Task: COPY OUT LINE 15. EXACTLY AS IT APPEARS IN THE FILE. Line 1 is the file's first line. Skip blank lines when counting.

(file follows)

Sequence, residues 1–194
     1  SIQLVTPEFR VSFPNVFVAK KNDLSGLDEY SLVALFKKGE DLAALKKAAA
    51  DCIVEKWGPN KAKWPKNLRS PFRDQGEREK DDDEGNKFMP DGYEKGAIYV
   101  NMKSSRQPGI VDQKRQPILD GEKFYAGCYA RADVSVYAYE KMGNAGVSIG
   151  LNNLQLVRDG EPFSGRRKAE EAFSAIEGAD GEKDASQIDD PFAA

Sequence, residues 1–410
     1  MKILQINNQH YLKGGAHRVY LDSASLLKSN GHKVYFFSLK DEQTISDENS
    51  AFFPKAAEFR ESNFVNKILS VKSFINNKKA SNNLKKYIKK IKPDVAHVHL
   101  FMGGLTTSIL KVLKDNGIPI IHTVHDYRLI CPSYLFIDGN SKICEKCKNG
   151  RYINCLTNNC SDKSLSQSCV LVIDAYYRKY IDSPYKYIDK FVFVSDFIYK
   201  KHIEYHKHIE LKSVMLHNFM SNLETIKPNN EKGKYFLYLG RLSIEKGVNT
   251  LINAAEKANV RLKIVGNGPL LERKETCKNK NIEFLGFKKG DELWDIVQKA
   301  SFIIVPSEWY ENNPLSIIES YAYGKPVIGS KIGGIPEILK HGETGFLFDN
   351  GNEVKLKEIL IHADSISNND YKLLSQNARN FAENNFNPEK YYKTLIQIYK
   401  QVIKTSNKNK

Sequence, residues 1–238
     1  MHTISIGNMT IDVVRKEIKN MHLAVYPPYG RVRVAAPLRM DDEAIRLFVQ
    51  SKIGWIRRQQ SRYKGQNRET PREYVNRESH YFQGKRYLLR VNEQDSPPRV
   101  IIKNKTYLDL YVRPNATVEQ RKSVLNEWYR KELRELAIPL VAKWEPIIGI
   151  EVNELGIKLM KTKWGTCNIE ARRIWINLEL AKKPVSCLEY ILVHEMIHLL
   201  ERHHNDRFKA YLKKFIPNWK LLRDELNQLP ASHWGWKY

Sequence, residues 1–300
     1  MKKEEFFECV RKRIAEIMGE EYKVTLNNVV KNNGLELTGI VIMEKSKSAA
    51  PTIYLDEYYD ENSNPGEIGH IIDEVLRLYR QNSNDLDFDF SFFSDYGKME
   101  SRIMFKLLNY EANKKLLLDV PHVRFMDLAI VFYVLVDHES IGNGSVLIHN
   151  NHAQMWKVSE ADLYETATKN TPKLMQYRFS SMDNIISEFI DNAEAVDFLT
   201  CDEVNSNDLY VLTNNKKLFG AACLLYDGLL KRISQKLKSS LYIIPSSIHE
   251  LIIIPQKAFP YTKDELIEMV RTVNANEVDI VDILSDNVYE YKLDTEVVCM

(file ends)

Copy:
   401  QVIKTSNKNK